|pop this little lot into your pressure cooker, missus.|
110g urad (black gram lentils)
50g dry weight kidney beans
– both must be soaked in cold water overnight.
In the bottom of the pressure cooker pan, over low heat:
* melt a dollop of ghee, or nub of butter
* add a thumb-sized nubbin of grated ginger
* and some roasted garlic, crushed,
* dana ‘n’ jeera (cumin & coriander)
* plus, I add a teaspoonful of my chilli jam, but you might use hari mirch, chopped green chillis.
Mix the spices together in the butter, amalgamating the flavours before adding the soaked, strained beans and covering them with 450ml hot water, with an added pinch of baking powder. That’s baking powder, which is baking soda mixed 1:2 with cream of tartar. A raising agent commonly used in cake baking, this powder is said to help the beans cook evenly and to eliminate flatulence for fart-free dal.
Before shutting the pressure cooker lid, I add a good dollop of tatlı biber salçası, sweet pepper paste, but you might use tomato puree, and one large roasted tomato, blended, or two tablespoons of shop-bought pasata or tomato ‘n’ chilli pasta sauce.
Lock down the lid, turn up the heat and wait for the steam to release in a vicious hiss before dialling down the heat and cooking on for twenty minutes or so, allowing the steam to escape three more times.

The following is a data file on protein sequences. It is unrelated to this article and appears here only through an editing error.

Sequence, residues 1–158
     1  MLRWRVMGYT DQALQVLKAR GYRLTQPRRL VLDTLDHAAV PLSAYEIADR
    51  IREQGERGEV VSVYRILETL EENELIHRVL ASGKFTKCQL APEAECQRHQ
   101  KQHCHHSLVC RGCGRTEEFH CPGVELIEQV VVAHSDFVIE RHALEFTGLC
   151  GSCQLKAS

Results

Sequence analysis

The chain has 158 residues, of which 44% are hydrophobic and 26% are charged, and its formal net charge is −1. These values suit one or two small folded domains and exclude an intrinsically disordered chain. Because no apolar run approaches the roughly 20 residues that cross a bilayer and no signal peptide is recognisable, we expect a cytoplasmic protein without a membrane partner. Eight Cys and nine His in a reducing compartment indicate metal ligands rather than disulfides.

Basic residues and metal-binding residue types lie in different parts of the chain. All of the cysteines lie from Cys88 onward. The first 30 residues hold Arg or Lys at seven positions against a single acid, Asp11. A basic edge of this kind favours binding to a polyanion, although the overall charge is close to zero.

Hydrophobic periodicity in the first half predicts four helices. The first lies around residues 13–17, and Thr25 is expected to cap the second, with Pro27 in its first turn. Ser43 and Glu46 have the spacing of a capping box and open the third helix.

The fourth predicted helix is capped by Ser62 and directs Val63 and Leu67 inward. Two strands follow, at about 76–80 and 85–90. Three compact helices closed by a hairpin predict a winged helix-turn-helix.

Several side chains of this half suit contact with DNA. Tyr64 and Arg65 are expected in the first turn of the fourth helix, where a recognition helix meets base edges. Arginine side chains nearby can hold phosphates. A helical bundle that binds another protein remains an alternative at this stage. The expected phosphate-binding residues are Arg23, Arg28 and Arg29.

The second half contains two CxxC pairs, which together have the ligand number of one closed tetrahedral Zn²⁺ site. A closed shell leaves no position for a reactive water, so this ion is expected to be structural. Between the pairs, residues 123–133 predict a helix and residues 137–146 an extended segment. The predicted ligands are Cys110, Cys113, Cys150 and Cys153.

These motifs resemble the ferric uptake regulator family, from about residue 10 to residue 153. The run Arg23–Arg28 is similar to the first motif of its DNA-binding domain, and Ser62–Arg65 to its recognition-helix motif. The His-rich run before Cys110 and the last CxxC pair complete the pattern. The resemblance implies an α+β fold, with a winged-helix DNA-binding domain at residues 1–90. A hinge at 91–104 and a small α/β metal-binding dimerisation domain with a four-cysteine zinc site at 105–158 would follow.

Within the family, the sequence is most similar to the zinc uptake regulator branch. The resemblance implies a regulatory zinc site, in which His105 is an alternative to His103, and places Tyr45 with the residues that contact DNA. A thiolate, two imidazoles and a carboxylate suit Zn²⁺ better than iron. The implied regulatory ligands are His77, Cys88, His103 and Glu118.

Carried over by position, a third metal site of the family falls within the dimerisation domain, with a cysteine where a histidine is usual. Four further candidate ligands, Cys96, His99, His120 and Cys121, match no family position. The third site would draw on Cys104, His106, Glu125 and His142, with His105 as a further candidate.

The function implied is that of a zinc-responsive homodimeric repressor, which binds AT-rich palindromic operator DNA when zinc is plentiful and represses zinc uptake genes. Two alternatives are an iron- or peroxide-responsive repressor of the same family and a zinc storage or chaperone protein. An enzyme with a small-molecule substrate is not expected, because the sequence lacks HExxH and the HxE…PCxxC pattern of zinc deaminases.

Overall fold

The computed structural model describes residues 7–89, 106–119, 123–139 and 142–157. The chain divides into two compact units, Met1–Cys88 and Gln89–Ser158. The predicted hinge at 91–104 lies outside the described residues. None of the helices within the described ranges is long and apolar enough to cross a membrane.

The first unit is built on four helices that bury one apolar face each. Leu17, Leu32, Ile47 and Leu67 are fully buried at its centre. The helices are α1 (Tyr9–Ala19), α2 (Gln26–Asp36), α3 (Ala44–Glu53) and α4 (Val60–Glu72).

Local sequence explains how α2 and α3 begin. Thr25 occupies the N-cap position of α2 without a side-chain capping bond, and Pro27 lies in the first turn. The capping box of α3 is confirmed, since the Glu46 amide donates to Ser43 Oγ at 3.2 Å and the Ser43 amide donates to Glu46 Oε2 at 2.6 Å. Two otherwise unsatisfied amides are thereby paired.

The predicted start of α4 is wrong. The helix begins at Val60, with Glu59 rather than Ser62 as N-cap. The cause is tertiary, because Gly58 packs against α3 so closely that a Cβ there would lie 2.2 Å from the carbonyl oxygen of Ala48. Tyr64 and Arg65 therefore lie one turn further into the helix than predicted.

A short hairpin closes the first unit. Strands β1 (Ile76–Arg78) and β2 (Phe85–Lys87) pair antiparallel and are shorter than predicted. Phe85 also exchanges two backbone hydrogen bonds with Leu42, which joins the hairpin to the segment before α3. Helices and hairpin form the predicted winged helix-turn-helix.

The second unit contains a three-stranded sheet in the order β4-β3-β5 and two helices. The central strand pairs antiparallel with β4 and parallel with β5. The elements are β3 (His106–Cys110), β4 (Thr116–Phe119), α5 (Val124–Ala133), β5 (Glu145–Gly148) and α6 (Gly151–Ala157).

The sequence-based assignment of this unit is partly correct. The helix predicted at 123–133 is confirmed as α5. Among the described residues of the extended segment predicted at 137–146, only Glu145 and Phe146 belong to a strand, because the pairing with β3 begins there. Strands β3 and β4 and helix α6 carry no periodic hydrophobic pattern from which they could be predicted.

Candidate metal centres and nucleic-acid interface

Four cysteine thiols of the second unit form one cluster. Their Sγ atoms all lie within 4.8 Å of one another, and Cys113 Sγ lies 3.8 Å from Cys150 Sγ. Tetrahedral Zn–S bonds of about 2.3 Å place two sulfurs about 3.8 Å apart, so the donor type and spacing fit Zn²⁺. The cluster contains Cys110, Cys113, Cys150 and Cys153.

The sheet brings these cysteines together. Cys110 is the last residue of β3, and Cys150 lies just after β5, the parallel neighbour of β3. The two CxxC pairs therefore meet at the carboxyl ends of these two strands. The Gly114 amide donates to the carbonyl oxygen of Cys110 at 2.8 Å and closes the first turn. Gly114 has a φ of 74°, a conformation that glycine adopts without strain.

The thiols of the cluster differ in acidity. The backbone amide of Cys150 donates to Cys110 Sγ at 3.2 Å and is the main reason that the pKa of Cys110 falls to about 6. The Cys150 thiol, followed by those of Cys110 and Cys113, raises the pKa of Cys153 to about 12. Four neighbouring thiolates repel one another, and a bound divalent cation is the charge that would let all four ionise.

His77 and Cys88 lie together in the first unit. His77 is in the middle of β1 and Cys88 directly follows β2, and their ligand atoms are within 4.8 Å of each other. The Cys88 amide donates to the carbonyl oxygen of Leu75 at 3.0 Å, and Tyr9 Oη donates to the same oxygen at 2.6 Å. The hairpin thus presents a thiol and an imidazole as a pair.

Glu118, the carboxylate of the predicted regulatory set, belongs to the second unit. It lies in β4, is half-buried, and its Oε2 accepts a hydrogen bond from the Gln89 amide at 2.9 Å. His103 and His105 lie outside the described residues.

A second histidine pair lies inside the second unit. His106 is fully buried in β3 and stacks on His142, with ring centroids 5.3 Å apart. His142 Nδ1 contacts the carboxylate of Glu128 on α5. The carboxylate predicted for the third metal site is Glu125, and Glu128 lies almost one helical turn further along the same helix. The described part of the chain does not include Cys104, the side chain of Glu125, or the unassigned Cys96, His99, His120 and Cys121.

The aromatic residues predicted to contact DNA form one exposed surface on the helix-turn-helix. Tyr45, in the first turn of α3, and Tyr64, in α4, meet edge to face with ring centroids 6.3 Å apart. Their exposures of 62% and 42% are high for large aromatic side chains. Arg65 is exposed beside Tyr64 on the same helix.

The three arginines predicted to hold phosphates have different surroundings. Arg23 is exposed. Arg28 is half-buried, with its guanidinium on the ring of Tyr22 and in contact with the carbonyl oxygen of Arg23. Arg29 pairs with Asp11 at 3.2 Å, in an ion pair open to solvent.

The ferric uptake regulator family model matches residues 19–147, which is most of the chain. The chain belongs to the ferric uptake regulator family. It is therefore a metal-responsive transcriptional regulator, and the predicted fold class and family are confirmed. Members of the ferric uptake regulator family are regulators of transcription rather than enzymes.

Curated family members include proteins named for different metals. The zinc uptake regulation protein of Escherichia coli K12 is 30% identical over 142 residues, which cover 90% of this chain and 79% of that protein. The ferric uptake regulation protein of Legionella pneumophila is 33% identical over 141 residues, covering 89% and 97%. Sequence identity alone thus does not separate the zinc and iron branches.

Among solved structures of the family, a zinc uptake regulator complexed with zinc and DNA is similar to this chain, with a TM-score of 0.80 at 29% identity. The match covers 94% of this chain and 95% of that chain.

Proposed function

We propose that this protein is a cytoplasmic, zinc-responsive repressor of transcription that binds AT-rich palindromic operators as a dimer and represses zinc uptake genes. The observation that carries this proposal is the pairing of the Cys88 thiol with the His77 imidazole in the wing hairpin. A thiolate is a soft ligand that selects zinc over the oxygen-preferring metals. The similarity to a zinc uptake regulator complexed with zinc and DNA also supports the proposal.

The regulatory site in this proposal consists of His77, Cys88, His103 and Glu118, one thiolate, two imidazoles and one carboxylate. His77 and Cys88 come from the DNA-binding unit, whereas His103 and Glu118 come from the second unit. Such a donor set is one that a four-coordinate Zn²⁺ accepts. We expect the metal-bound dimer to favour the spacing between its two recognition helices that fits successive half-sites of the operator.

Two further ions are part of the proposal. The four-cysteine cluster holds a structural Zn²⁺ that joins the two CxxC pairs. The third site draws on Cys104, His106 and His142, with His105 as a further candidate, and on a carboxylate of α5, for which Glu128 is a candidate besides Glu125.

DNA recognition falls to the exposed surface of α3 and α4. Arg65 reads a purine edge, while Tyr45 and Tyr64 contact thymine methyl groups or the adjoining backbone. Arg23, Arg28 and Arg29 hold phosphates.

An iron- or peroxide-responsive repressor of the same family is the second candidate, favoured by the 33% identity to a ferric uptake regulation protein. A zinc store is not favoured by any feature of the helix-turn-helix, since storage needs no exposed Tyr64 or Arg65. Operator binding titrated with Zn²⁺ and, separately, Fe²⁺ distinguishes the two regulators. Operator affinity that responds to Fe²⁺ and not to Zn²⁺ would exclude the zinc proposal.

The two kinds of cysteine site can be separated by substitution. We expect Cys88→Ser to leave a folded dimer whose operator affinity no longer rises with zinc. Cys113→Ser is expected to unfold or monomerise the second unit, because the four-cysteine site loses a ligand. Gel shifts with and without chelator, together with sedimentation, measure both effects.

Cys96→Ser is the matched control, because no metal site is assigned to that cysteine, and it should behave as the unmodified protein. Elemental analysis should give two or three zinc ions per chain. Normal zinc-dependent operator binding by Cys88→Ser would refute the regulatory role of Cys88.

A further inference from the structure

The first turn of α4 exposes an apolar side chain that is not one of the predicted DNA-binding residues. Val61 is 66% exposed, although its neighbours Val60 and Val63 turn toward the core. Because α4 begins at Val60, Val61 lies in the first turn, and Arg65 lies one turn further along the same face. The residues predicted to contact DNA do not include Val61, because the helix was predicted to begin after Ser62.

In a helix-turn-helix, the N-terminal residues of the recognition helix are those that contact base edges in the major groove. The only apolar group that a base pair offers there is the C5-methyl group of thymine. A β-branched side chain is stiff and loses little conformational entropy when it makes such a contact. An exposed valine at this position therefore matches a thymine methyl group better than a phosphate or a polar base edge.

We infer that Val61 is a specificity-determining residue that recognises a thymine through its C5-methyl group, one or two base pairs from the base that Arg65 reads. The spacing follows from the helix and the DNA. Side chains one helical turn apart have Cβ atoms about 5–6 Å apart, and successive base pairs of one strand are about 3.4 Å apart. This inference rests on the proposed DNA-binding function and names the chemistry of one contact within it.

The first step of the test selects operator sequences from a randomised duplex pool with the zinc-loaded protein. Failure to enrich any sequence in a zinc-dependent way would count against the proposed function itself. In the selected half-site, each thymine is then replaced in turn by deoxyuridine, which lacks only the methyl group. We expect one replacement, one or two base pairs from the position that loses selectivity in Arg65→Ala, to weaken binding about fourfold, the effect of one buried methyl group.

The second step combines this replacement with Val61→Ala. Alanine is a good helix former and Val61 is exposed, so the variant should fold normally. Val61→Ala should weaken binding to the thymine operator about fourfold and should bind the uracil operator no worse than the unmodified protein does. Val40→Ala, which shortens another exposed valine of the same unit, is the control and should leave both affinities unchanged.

After 15-20 mins, turn off the heat and leave it to cool while you nip out to score from the nan man.
What are you saying, there’s no nan shop on your manor?
OK, I understand and sorry it is that I am feeling for you, my under-privileged friend, but down in old East Lane – where Charlie Chaplin was born, nearly a Century before the tandoori arrived – a couple of taciturn brothers turn out x4 nan breads for only one of your English pounds.
Nip down the nan shop, by bicycle or skateboard, going the back way down Browning Street and through Nursery Row Park – shop is next to The Masons Arms – and back in 13 minutes flat. I might turn the griddle on before I go so it’s hot when I get back, to crisp the breads.
Gingerly, I release what steam remains and open the pressure cooker, stirring my dal makhani with a wooden spoon. Transfer it to be a saucepan, maybe add a splash of water if it’s looking a bit thick, and finish the dal with cream, creme fraiche, or Greek yoghurt.